Pinterest for Writers

Confused how Pinterest can help your writing? Read on!

If you’re anything like me, you love to save things. Pictures, old notes, that weird looking rock you found on a trail that one time.

But did you know there’s a digital way to make that work for your writing?

Yup, I’m talking Pinterest here. Digital hoarding. Er… digital collecting.

You may already be familiar with Pinterest, but if not, basically it’s a place where you can save (pin) pictures linked to websites, or just pictures you upload yourself. It’s just like the corkboard you might have over your desk, but you can also use it to link back to websites you want to remember.

And that opens up worlds of possibility for us as writers. But what ways can we make this work for us?

To start, we can create boards with subdivisions… basically the way I handle it is to create a board for a book or topic, then subdivide it into things like the world, specific characters, etc. I did this a lot for my WIP, Sea of Broken Glass. Check it out!

By using it this way, you can give yourself ideas for how to describe a certain character or things to place in your world. For me, it helps me to flesh out each element of the world. It helps me organize my thoughts and ideas (in conjunction with my handy story notebook).

When I’m researching, I can add or create pins with information I may need later, like statistics. I did this when I was working on Life After College, an adult mainstream book that I have on hold right now.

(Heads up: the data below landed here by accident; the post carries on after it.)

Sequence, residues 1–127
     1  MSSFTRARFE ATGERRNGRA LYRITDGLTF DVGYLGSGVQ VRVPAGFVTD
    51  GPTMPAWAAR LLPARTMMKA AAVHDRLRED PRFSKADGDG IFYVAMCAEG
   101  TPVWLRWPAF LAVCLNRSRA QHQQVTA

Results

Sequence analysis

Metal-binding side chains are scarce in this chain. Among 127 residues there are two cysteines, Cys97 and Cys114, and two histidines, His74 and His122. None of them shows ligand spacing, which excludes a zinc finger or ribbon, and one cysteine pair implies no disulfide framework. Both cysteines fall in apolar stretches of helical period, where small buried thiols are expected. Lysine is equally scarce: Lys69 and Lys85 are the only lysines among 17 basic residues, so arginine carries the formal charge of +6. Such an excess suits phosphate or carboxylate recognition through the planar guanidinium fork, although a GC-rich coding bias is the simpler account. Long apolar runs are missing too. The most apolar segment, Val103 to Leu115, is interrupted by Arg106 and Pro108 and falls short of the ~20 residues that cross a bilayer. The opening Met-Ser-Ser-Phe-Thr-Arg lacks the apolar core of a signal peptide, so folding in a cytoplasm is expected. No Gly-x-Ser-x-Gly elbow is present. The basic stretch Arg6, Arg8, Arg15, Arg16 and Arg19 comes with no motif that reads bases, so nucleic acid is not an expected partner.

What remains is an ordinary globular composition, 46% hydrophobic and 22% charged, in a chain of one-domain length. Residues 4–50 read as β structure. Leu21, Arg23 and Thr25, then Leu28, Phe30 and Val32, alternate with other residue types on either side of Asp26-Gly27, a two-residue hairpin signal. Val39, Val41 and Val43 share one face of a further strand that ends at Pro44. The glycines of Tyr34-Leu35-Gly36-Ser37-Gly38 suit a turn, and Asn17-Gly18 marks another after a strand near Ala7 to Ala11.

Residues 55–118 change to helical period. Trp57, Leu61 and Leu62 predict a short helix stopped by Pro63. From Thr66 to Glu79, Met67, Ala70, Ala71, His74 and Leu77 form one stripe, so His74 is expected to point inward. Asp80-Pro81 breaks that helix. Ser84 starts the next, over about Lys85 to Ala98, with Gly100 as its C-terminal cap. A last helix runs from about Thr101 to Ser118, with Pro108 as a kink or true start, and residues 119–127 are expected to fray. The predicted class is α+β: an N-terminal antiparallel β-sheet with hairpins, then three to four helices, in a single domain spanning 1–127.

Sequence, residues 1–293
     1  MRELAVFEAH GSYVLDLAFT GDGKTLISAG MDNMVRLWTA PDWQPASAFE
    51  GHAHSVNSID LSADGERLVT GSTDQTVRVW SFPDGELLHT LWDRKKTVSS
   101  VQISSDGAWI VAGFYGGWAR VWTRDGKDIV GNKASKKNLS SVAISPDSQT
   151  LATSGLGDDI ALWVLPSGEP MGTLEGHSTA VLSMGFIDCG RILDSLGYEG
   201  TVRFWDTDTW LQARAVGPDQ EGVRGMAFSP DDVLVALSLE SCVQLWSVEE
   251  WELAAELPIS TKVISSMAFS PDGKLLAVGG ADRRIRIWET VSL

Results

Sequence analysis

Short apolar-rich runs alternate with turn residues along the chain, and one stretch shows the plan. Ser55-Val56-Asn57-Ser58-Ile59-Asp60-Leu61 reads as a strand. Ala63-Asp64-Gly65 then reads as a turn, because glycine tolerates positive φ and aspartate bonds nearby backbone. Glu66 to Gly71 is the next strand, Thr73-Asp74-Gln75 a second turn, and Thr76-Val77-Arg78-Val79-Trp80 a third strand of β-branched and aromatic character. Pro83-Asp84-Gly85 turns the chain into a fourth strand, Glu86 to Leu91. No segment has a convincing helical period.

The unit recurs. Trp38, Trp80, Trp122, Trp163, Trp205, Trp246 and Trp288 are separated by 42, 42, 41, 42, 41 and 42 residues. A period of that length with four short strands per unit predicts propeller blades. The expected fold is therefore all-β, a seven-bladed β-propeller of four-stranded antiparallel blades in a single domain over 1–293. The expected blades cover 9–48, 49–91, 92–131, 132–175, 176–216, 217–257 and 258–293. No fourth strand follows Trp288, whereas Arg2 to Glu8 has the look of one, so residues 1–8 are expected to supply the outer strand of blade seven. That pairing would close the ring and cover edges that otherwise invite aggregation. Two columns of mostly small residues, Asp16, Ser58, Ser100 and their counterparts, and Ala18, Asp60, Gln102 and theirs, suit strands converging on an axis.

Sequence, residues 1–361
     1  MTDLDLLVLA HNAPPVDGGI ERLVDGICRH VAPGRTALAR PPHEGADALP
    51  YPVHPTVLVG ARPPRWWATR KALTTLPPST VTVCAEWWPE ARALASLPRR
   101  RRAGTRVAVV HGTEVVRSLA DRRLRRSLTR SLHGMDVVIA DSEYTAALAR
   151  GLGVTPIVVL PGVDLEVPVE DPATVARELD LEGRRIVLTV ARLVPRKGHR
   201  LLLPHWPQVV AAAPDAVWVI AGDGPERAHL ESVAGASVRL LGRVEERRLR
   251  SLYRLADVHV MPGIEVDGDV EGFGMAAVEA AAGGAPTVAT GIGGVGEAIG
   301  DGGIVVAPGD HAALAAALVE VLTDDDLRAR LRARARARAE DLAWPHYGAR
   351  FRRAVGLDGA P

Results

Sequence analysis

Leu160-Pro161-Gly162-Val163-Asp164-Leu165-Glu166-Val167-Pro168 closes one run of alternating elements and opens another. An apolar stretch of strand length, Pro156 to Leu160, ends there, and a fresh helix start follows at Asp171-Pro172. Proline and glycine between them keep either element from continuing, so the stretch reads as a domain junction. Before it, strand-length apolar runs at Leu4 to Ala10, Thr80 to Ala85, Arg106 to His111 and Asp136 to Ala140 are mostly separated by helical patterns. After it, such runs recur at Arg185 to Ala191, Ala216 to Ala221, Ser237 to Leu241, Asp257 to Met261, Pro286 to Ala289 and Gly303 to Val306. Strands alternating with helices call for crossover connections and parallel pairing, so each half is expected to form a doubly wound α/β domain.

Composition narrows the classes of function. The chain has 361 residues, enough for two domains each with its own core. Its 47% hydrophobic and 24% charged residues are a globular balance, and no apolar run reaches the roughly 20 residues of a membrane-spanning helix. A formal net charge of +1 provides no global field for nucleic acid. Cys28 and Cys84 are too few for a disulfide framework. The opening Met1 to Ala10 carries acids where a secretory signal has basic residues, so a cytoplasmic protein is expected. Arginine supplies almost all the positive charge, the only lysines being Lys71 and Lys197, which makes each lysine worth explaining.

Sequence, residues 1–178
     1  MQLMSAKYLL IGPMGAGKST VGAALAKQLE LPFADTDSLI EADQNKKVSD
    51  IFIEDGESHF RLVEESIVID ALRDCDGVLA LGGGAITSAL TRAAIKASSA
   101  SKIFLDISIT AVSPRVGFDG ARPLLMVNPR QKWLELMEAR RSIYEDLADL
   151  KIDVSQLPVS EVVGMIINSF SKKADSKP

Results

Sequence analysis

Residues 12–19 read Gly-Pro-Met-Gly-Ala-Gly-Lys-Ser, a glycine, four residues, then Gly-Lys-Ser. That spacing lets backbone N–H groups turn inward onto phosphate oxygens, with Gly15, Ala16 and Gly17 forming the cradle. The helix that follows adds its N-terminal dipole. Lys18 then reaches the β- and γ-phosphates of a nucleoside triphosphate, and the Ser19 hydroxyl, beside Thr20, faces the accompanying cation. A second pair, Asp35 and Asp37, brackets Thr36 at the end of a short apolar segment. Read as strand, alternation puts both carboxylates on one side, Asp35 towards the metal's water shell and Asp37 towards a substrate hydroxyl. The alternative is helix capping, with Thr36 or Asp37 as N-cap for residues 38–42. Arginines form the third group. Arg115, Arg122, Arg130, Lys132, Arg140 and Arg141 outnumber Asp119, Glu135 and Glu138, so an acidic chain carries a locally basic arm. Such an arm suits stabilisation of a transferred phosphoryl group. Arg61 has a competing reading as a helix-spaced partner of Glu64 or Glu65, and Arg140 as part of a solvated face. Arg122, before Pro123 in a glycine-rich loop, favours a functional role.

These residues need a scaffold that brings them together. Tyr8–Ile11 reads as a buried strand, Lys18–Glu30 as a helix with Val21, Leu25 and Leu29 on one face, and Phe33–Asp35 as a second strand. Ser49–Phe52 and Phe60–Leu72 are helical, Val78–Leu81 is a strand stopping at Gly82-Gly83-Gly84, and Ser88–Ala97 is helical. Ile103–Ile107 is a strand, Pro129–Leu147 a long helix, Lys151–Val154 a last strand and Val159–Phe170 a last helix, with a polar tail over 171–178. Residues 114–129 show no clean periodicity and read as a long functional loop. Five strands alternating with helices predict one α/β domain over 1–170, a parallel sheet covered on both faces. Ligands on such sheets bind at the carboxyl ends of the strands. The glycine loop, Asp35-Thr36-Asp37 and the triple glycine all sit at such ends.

And beyond that, it helps me set the tone for my writing. It gives me feelings and inspires my mood to set me in the right mindspace for the world and the characters. It puts me there.

And that’s another way you can use Pinterest boards. You can create mood boards, like I did for This Cursed Flame which include elements that are simply meant to inspire you and place you in the world, rather than just help you with worldbuilding.

And if you look at that mood board again, there’s another thing we writers can use it for: marketing and sharing our work.

Once I complete a work, I make sure to include an image of the cover with a link to purchase it in the board. I also use Pinterest on occasion to share bits of my blog or pictures I’ve made for writers.

Really, there are tons of possibilities. All you have to do is sit down and start scrolling and pinning. There’s plenty of time to organize and pare it down to make it be the board you need it to be. And I do want to be clear here: I am not getting paid to endorse Pinterest. I am simply sharing it as a tool I use and have heard other authors lamenting their confusion. Hopefully this clears that up and gives you some ideas to kick-start your own work!

Happy writing!

~~~

Your turn!

Do you use Pinterest? Do you use it for your writing? What are your feelings on it? Has it helped you? Or is it more of a distraction? Tell me in the comments!

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